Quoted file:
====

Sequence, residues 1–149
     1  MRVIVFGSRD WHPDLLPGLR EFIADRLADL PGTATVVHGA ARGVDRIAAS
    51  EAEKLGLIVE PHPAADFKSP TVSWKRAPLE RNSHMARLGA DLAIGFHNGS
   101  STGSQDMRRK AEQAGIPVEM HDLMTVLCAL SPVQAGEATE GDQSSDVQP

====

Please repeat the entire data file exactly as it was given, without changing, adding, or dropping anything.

Sequence, residues 1–149
     1  MRVIVFGSRD WHPDLLPGLR EFIADRLADL PGTATVVHGA ARGVDRIAAS
    51  EAEKLGLIVE PHPAADFKSP TVSWKRAPLE RNSHMARLGA DLAIGFHNGS
   101  STGSQDMRRK AEQAGIPVEM HDLMTVLCAL SPVQAGEATE GDQSSDVQP